I went to see Chuck Klosterman, critic, fiction writer, essayist, and dispenser of wisdom, speak at Bookcourt in Brooklyn on Wednesday night. The event was, ostensibly, a reading from his new book, “I Wear the Black Hat: Grappling with Villains (Real and Imagined)”. He did read a pretty amusing essay from the book about someone he hated at a middle school basketball camp who went on to become a Major League pitcher, who, much to his frustration, is generally being credited with being the first Major Leaguer to stand up and say something about steroid use. But that reading was maybe ten minutes. The rest of the time (a little more than an hour) he answered questions, which he made it clear could be about anything. He also made it clear he was used to a certain ratio of werewolf to drug questions.
Then the crowd of a few hundred people crammed into a bookstore in a density that would have displeased any Fire Marshall, most of which was in front of me and seemingly taller than me, began to ask questions. It was fascinating in that people came, very clearly, to ask Chuck questions. And he answered them beautifully, giving long answers without ever veering into boring or long winded, he kept it funny, he was intelligent and sharp without ever being a bit condescending or preachy. I had the sense that to the over-educated, hipsterish, atheist Brooklyn crowd, this was an opportunity to speak to a Guru of our day to day religion: pop culture. People asked very intelligent and perceptive questions about meaningless things, about Dwight Howard, Tim Tebow, Aaron Hernandez, Bill Simmons and Kanye West. (There was a surprising amount of sports questions).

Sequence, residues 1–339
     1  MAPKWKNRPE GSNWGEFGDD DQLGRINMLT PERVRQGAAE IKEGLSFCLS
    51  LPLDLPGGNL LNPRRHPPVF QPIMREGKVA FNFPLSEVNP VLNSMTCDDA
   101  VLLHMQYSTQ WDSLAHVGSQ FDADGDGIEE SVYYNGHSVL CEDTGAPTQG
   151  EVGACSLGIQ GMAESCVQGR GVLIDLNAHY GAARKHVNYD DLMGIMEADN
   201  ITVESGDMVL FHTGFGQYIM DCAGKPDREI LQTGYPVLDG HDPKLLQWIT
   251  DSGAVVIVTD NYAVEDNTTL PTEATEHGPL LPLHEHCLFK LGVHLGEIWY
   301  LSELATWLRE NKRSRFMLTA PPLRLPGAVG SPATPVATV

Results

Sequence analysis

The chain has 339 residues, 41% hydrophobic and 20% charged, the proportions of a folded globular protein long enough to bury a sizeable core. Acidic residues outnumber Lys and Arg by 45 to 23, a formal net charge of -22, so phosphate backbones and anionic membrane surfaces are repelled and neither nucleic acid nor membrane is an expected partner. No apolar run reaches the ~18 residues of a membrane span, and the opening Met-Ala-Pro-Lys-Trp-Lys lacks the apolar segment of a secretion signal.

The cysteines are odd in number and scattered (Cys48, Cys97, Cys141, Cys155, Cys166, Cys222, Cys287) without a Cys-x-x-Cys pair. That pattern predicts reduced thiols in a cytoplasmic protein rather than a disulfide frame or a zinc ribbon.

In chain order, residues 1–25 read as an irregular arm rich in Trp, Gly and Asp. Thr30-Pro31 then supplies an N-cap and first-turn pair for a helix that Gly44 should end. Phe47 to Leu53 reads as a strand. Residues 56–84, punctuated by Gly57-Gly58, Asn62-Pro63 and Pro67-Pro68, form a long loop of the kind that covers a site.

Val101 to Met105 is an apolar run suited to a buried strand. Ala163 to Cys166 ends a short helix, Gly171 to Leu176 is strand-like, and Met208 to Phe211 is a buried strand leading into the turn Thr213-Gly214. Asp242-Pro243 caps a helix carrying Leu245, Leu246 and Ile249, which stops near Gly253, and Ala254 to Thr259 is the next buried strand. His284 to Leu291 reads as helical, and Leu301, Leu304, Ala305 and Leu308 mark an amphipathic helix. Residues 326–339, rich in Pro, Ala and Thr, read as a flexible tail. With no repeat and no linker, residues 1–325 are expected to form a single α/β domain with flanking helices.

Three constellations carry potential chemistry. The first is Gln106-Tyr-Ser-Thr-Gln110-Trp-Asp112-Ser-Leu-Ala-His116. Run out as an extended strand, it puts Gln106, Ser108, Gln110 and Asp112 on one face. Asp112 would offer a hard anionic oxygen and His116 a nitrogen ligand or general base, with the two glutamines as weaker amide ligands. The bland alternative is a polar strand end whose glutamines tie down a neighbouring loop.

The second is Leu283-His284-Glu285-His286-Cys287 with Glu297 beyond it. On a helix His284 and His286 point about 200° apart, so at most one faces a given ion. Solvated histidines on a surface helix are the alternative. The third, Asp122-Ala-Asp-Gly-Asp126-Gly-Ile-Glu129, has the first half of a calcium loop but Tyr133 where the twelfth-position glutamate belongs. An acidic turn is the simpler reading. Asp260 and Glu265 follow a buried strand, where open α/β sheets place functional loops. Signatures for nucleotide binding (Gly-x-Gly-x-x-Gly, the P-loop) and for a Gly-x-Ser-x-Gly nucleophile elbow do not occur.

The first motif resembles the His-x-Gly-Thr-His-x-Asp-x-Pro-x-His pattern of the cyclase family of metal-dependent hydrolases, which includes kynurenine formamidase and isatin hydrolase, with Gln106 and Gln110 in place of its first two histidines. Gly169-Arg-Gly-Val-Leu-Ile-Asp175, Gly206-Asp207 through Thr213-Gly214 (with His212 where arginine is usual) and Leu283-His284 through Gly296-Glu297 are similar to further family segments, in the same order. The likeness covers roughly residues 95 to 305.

I love Klosterman’s writing and he was great at having a funny and intelligent conversation with 3oo people. But he has just as much direct knowledge as all of us about the things he talked about. It was his understanding, his perception of our shared reality that people came from miles to ask him about and hear him share. He’s a guru in a very literal sense.
Like any true guru, he confirmed my faith in him. When someone asked him about Kanye’s album he gave a long and interesting description of Kanye as someone who is doing the same thing as everyone else in his field, just doing it parallel to them. He also said that he is obsessed with “Yeezus,” and noted that he is obsessed with the album in a way he hasn’t been obsessed with an album since The Hold Steady’s 2005 sophomore masterpiece,”Separation Sunday.”
Oh, wise one. How correct you are. If there was ever an album to get obsessed with, that was it.
Here’s the most fun (although maybe not the best) song off the album. Enjoy the weekend. Don’t let the cops find it in your socks.